Hillary and The Donald

Hillary

I have a profound feeling that diatribes against Hillary Clinton have nothing really to do with Benghazi or the e-mail blunders (mistakes made also by others before her). Had an intelligent Republican (Is that an oxymoron nowadays?) done the same things, the mistakes would swiftly have been swept under the nearest rug followed by surprised expressions of dismay when asked to explain them. “What? That never happened.”

dairy-queen-donald

Since everyone else seems to be going on “gut feelings” in this election (i.e. the astonishing and irrational adoration for Donald Trump), I have to say that Hillary’s weakest point is that she is not a man. That’s public opinion, not mine. We have been a racist nation since the Civil War and a misogynistic one since before women got the vote. The deep resentment has never left some peoples’ psyches, because they feel those rights for Blacks and women are entitlements they should never have had in a male-dominated society that still snickers at the idea of a woman, however brilliant, experienced, and capable, could ever be Commander in Chief. The jokes still come too easily about her choice of eye make-up being more important than an international conference.  Colossally stupid remarks of misogynistic tone, however, don’t hide the fear in many faces of reactionary men (and even some women) who don’t want change to make progress that may be a threat to their happy years of napping in the comfy hammock of predictable  political outcomes, based solely upon what goes back to the 1600’s.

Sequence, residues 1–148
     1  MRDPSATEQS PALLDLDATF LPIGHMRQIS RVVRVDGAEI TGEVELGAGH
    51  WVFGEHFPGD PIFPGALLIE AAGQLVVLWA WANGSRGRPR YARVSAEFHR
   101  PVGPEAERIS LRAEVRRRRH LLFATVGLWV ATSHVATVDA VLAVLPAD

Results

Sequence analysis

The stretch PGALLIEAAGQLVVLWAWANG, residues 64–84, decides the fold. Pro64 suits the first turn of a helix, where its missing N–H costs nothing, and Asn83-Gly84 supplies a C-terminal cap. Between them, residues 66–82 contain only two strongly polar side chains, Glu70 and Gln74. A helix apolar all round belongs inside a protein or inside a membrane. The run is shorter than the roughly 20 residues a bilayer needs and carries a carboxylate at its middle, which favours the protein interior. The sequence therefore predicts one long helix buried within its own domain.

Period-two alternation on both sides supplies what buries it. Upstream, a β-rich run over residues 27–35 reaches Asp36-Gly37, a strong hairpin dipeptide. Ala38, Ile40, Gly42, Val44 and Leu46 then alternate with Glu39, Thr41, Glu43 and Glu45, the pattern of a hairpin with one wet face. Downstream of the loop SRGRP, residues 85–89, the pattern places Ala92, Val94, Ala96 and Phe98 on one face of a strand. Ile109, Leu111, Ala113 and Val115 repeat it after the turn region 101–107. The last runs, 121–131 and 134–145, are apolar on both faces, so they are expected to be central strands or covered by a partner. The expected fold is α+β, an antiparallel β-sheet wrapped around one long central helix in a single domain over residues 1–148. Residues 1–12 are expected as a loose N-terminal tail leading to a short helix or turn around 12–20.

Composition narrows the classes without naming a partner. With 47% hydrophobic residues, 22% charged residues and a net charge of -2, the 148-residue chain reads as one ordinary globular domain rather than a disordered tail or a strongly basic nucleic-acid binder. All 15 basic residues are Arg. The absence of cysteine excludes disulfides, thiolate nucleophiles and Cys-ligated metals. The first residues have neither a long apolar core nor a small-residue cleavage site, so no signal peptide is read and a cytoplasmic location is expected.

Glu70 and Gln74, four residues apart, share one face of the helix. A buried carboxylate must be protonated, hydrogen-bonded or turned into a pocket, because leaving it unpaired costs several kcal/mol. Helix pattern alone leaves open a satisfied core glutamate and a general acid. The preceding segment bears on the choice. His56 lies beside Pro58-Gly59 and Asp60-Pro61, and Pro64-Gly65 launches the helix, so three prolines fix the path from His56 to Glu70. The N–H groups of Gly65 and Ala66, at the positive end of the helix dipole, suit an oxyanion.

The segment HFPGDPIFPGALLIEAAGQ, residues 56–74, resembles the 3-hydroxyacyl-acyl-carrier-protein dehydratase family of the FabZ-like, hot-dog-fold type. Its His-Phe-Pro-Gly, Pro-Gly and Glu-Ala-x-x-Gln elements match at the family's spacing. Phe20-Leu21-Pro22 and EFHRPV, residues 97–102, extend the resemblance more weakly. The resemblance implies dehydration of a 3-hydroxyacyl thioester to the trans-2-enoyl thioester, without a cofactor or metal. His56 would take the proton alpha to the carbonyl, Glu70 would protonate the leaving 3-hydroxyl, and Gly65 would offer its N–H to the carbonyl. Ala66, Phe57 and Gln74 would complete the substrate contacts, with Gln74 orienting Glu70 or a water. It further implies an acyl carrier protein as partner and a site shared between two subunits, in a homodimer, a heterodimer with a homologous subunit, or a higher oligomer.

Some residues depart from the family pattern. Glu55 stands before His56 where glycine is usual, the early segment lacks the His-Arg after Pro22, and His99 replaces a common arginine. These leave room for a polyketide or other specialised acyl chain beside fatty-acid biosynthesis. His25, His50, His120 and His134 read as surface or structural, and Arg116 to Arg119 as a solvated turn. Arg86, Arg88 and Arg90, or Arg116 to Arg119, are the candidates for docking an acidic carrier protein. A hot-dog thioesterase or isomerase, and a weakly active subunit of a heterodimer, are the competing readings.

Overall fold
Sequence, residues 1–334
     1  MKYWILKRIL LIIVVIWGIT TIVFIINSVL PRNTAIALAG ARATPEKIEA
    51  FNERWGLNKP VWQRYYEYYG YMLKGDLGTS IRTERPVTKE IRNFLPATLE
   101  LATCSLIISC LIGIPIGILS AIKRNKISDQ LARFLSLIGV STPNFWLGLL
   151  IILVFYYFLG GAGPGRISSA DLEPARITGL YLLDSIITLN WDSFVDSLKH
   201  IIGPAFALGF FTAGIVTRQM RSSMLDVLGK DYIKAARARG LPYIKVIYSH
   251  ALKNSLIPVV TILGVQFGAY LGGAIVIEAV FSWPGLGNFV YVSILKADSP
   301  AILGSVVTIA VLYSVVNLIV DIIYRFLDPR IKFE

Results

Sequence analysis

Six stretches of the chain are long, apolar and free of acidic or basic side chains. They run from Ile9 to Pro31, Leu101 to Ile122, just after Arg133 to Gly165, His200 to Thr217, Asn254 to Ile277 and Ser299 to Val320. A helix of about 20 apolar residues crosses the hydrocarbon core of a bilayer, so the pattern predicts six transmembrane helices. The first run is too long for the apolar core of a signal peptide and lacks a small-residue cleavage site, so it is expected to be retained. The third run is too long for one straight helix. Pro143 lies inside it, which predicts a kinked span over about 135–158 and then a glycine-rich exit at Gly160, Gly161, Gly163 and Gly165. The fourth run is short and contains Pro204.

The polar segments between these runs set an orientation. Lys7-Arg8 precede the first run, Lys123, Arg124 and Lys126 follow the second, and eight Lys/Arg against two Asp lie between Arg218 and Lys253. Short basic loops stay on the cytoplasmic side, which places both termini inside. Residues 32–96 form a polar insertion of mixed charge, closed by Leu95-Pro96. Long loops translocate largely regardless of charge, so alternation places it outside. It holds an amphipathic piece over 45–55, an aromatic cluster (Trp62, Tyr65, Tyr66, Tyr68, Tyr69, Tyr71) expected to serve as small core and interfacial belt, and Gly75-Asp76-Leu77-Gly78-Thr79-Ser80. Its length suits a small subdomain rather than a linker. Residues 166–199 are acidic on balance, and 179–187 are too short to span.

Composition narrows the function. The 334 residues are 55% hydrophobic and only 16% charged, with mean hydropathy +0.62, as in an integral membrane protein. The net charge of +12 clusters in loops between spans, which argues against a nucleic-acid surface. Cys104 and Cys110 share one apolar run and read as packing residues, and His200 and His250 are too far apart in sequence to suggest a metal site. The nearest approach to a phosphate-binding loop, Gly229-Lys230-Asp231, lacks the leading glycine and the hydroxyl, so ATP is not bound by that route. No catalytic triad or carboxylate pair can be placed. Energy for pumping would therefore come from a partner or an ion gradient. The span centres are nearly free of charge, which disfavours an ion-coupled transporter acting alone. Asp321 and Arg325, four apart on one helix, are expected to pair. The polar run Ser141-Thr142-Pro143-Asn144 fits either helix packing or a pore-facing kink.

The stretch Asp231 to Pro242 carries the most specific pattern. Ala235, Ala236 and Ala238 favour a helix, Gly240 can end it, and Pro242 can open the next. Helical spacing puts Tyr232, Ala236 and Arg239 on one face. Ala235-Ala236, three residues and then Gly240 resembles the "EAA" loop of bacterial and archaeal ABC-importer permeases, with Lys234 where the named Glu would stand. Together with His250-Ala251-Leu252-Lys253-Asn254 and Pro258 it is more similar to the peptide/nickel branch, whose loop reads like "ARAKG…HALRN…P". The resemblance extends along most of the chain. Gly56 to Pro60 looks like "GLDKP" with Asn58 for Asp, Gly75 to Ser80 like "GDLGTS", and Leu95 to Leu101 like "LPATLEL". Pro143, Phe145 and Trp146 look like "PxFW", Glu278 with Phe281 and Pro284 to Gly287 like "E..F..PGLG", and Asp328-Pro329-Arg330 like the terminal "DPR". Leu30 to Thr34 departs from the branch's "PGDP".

Capitol in DC

Many hyper-traditional males and females in government and in our nation see Hillary as a person of strength and defiance. That’s pretty scary stuff. They see her as an “uppity female” the way they saw Barak Obama as an uppity black man (I’m deleting the very ignorant other term left over from The Civil War and the aftermath of Carpetbaggers). I heard those comments from people I thought knew better, but I’ve learned that there are no limits to the fabricated tales of monumental hate and fear that come from our country  turning a new corner to see something better for more people and some folks feeling left behind in a fading historical perspective that no longer works as well as it used to.

White House

Nothing thus far in this election should have been a huge surprise to anyone. I have to remember that in my lifetime there were still diners in the South that refused to serve Blacks and wouldn’t even allow them to use drinking fountains hatefully and stupidly labeled “Whites Only.” The rest of the world has been watching us ever since, but there are still pockets of backward and unlettered people who defiantly refuse to acknowledge  people of darker skin color, and that includes accepting even black college professors, successful business men and women, not just the punks and gang bangers, who come in all colors anyway. The Rosa Parks battle was supposed to have ended sixty years ago, but there are still white folks, who feel threatened and angry by any success of citizens who happen to be black.

The America that frightens me is the one whose  voice comes from gullible people, who believe exactly what they want to believe. The number would probably terrify most of us.

Silly Hillary tabloid